Jan. 19, Las Vegas--As lifestyle choices, demographics, and economic realities shift home buyer preferences, more and more buyers are turning their backs on the McMansion and demanding smaller homes. But no matter the reason, smaller does not—and cannot—mean sacrificing style, amenities, and, ironically enough, space.

“Everybody’s got to find a way to build smaller homes, because that’s where the market is and where it’s going to be for some time,” Boyce Thompson, editorial director for Builder magazine, told attendees at a workshop during the International Builders’ Show. While Thompson couldn’t rule out that McMansions may someday make a comeback, the reasons for their current passé status are hard to ignore: too much unused space, a shift to smaller families, lending constraints, baby boomers trading down instead of up, and echo boomers in need of space-efficient entry-level housing.

Simply put, American homeowners no longer want so much “house.”

In addition, attitudes have changed. A Builder magazine survey of new-home shoppers found that two out of three fear job loss; at the same time, spending quality time with family has become more important and more homeowners are opting to stay in. “People aren’t looking to the house as an investment anymore,” Thompson said. “They’re looking at it to create the lifestyle they want to live.”

Indeed, meeting new footprint constraints shouldn’t mean sacrificing the comfort, warmth, or livability of the home (such dropping ceiling heights below 8 feet, a tactic tried by some a few years ago), explained architects William Devereaux of Devereaux and Associates in McLean, Va., and David Kosco of Newport Beach, Calif.-based Bassenian Lagoni Architects.

First and foremost is to know what your buyers truly need and what they aren’t willing to sacrifice. “Instead of a one-size-fits-all arrangement, you need to go into your market and see what works,” Devereaux said. In some of his East Coast markets, for example, buyers are more than willing to forgo formal living and dining rooms. 

Devereaux and Kosco offered a number of other tips for maximizing space without sacrificing design:

* Think about fewer walls and less compartmentalization: Focus on great rooms and eliminate the formal living room and dining room spaces. * Create flex rooms that are multifunctional. These can be utilized in a variety of ways—such as a formal space or as a den—depending on styling and furniture. Kosco includes “respite” space in his designs—one room outside of the great room that allows for alone time.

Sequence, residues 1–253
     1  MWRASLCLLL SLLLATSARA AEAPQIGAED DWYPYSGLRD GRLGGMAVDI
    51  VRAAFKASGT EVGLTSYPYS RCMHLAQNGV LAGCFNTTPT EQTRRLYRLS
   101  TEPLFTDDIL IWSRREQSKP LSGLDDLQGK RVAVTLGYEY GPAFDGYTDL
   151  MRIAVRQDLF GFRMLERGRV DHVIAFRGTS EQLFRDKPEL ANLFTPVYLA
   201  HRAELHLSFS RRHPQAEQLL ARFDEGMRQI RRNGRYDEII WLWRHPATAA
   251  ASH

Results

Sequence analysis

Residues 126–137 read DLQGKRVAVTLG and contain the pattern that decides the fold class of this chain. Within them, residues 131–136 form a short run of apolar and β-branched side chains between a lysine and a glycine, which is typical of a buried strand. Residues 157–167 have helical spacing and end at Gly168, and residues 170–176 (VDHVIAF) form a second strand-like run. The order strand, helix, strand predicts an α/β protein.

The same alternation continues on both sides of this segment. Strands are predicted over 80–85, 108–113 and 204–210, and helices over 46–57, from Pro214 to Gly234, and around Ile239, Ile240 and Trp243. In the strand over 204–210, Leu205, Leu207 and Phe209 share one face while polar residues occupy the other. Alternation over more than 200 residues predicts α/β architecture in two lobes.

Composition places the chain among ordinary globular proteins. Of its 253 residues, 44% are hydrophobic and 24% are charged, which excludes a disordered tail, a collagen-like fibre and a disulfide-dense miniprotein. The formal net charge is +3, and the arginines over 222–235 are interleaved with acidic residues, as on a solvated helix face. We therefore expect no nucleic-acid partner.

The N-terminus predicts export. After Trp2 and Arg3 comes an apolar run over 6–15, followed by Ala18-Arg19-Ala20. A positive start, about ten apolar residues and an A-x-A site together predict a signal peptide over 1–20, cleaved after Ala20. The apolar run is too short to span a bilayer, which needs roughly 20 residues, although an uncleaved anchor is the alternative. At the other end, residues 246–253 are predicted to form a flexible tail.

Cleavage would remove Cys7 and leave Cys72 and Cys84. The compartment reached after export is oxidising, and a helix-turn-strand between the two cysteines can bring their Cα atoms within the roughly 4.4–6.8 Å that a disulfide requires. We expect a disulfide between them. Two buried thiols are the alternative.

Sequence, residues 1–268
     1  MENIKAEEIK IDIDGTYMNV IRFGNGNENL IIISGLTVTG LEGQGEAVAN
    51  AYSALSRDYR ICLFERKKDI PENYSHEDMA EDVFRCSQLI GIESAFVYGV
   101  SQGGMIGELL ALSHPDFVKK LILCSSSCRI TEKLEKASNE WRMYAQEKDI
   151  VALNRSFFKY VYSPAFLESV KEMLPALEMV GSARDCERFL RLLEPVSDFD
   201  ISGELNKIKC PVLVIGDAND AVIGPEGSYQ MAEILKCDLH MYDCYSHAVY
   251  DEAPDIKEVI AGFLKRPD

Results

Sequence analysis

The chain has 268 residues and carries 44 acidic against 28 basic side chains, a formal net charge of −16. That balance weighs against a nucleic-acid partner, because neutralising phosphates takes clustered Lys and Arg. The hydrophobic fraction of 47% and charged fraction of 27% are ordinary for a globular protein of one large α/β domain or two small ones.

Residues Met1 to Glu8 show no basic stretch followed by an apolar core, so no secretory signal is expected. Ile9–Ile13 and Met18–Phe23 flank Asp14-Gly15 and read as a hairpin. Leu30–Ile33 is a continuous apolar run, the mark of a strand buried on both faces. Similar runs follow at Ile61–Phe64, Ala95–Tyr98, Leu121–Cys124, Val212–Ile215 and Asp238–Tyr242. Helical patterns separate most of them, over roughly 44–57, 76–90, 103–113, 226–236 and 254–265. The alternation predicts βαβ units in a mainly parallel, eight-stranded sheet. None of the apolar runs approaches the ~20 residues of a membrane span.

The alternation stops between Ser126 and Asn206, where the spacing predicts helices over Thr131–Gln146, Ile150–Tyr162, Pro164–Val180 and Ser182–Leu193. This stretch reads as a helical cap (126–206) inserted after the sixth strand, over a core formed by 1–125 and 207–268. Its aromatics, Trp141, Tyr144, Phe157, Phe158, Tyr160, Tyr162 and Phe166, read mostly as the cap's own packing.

* Don’t waste space for circulation.
* Don’t sacrifice warmth-inducing touches, such as built-ins and fireplaces.
* Expanses of glass and natural lighting can create the illusion of space. Think both horizontally as well as vertically. In one plan in California, for example, Kosco specified floor-to-ceiling windows, with transoms on top of traditional 6-foot-8-inch units. Multiple-panel patio doors and interior French doors also can contribute daylighting.
* Kosco also utilizes visually interesting ceiling treatments—such as a barrel vault ceiling in the kitchen or bath and wood beams in bedrooms—to broaden the visual space and create interest.
* Embrace storage opportunities. Utilize wasted space, such as under the stairs, for storage. Kosco also stretches kitchen cabinets to the ceiling, with smaller units at the top for rarely used items.
* Don’t neglect outdoor areas, from the porch to the patio. “You have to look at those spaces as a way to expand [the living area],” Devereaux said.
* Rather than a passé U-shaped kitchen, remove cabinets from one side and add a center island, which is a higher-value item in buyers’ eyes.
* Use color: White walls don’t inspire and make small spaces feel dull.
* At the entry, don’t just pour visitors into the living room, Kosco said; give them some sort of arrival.
* Think about “memory links”—those touches that stick in a shopper’s mind, such as a special detail like a window seat.

Above all, don’t be boring or cookie cutter. The footprint of the home may be smaller, but there is always room for amenities and luxurious touches. “We have to keep some design in our housing or we’re not going to have anything to sell,” said Devereaux.

Katy Tomasulo is deputy editor for EcoHome.